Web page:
The Peace Diamond at the Rapaport Group on December 4, 2017 in New York City. Photo: AFP / Timoth A. Clary
New York - A huge so-called "peace diamond" sold by the government of Sierra Leone to discourage crime-tainted "blood diamonds" fetched $6.5 million on Monday.
The 709-carat stone, which was unearthed in March, is the largest discovered in Sierra Leone in almost a half-century and is between the 10th and 15th largest ever found worldwide, experts say.
Found by a company led by evangelical Pastor Momoh, the diamond was given to the government in the hopes it would handle the sale in a way that leaves more profits and development potential in Sierra Leone.
British jewelers Laurence Graff purchased the stone, according to Martin Rapaport, whose group hosted the auction. The government was expecting about $7 million.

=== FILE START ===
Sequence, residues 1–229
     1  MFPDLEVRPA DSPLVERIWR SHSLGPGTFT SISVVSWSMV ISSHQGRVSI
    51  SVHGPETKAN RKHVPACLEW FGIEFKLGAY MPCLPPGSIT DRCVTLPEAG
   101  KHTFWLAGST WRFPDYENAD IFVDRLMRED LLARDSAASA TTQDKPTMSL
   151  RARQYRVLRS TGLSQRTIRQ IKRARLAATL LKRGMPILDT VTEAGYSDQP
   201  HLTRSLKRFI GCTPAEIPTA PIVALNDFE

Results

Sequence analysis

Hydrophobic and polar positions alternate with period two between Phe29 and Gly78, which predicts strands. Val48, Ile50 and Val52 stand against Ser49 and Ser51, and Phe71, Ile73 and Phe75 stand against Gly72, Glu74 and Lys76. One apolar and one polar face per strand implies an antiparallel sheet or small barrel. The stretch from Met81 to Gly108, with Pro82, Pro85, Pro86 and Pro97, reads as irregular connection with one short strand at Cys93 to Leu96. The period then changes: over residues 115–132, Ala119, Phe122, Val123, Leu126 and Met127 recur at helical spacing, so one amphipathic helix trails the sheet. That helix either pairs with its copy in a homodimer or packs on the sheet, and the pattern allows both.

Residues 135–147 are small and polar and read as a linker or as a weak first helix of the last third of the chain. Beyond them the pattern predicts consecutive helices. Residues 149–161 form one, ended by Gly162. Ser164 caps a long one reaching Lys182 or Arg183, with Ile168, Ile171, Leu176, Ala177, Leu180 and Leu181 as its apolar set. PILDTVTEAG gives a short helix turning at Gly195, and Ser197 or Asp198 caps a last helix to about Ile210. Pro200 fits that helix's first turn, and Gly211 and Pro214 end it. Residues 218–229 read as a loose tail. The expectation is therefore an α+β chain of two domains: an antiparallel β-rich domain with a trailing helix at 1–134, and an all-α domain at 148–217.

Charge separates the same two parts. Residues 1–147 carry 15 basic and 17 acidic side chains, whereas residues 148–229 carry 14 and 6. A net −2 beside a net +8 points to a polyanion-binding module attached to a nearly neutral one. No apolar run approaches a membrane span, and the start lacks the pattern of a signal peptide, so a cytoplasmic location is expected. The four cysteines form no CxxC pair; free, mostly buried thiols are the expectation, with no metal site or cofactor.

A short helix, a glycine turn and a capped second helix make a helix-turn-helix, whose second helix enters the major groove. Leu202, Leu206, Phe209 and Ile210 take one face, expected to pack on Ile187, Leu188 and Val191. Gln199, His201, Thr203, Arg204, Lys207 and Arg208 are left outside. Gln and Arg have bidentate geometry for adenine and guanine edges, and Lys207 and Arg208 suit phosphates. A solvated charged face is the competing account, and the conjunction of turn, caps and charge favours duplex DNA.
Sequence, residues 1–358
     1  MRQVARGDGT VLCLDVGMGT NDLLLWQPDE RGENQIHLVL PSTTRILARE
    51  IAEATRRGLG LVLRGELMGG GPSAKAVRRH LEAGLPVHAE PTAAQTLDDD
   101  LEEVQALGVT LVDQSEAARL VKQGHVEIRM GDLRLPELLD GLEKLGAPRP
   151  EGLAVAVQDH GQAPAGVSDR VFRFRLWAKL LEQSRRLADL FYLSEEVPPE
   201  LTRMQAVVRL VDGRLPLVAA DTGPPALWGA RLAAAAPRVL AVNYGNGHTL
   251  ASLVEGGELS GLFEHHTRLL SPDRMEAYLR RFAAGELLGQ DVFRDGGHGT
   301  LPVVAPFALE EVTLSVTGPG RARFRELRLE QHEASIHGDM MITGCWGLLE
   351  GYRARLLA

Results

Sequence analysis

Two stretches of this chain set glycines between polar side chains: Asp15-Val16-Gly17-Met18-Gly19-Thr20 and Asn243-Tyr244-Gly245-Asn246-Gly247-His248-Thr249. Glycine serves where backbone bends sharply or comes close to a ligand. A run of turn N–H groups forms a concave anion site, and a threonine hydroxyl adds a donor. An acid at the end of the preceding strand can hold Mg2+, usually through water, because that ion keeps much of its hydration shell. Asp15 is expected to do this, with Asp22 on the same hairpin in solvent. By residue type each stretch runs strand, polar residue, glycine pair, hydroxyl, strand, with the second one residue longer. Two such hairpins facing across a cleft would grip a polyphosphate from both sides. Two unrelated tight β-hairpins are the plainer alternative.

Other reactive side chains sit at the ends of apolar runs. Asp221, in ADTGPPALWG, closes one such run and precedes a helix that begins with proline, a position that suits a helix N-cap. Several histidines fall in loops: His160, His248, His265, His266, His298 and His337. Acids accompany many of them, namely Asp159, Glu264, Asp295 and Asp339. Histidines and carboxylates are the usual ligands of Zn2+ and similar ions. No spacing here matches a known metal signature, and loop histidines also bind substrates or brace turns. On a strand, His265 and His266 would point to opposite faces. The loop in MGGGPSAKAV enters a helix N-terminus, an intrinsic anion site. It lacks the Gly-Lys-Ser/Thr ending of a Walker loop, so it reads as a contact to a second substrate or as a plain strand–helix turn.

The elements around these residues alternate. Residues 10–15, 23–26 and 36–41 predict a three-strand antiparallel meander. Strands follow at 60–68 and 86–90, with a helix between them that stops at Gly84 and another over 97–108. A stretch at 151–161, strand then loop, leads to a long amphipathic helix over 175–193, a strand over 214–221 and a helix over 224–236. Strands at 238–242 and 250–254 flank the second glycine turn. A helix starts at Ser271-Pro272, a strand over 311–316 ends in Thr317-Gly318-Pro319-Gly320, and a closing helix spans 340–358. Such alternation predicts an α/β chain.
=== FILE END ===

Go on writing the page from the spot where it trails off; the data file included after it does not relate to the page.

"Perhaps we're dealing with the price of transparency," Rapaport said.
Illegal mining and sales of so-called blood diamonds have been a major source of strife in many African countries including Sierra Leone. That was the goal of the auction approach of President Ernest Bai Koroma.
Expectations at home were high, yet the price may have seemed a disappointment.
Gibril Sesay, a market seller, said he wanted the government to provide "water, electricity and good roads for the people" with the proceeds of the gem following the sale.
But Beatrice Cole, a civil servant, told AFP "the money paid for the diamond was far below what we expected" after watching the auction live on TV in Freetown